At bare minimum, you need to employ someone to pass through the place regularly to make sure nothing's amiss, pay a maid and also manage work (buy supplies, give instructions, monitor what's being done). Also they must, pay utilities, (which in Mexico is described as a big job), and to get things fixed when they break (which is also considered a big job).
You need substantial 24/7 coverage.
You can do that with a caretaker who lives on the property or with combination of maid during day/watchman at night/caretaker who passes through daily. Any way you do it, the goal is to project a full time presence (see point about being considered a member of the community).
An empty home can be left alone for a few hours from time to time, but there is no way you can do that with animals. There is the obvious issue of caring for the animals but the issue of projecting a presence. If you're not there or if you are considered invisible (which is what happens if you have 24/7 caretakers but they are not viewed as members of the community), you run a high risk that property will be encroached on over time. It is difficult to reverse that encroachment once it happens.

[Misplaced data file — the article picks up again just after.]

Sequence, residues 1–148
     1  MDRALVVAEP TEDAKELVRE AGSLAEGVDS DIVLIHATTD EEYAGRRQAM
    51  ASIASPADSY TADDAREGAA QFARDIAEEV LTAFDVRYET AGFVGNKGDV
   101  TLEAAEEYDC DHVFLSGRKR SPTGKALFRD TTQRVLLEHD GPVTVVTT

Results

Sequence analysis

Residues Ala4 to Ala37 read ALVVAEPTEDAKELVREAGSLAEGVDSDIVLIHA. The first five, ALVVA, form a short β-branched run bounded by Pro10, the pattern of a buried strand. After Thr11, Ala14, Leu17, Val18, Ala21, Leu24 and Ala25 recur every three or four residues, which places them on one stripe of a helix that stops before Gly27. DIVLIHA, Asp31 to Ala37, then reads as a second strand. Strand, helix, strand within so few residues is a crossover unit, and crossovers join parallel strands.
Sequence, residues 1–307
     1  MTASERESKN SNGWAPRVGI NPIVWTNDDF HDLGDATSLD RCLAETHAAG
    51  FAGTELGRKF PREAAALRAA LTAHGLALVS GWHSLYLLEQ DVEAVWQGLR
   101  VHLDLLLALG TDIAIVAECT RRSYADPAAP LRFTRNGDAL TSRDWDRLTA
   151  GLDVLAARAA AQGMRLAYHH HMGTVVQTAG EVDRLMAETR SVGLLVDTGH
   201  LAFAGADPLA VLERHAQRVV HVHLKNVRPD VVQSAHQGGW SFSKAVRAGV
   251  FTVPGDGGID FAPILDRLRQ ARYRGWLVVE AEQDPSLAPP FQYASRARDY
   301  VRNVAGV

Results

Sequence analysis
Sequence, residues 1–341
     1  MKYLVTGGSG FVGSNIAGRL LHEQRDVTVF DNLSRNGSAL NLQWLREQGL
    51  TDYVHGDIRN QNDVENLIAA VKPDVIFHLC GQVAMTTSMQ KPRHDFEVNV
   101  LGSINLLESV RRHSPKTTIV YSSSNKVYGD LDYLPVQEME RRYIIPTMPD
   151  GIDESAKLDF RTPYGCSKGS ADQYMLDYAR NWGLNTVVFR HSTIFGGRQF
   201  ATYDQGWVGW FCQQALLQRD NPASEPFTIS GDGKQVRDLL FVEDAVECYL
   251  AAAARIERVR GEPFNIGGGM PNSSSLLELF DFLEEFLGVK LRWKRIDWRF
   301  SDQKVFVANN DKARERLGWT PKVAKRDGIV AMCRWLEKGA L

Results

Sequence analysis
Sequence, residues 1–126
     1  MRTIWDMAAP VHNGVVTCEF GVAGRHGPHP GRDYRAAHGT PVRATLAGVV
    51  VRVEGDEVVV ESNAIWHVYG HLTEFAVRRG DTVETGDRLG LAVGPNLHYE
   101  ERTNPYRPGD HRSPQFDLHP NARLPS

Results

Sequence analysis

As a foreigner, you are not likely to find the Mexican judicial system sympathetic to what will be perceived as your inability to protect yourself. It is not wise to be weak in Mexico. Any legal problems that you encounter are likely to be long, difficult and expensive. With no guarantee of success.
And even should you win the ‘battle’ you may still lose the war.
If you have antagonized or made ‘enemies’ in Mexico, there are many ways, subtle and direct that you could be forced out. You will find it difficult or near impossible to protect yourself from these situations. Some people have just had to ‘walk away’ from their properties once an ‘incident’ has arisen.
So in my opinion, before purchasing any rural property in Mexico, a person needs to understand what they may be getting into. To work first on creating credibility in the community and finding people(caretakers) that can be trusted.
There is much more to this topic but hopefully this will give you info…and pause…on what to take care of before you invest your money in rural Mexico.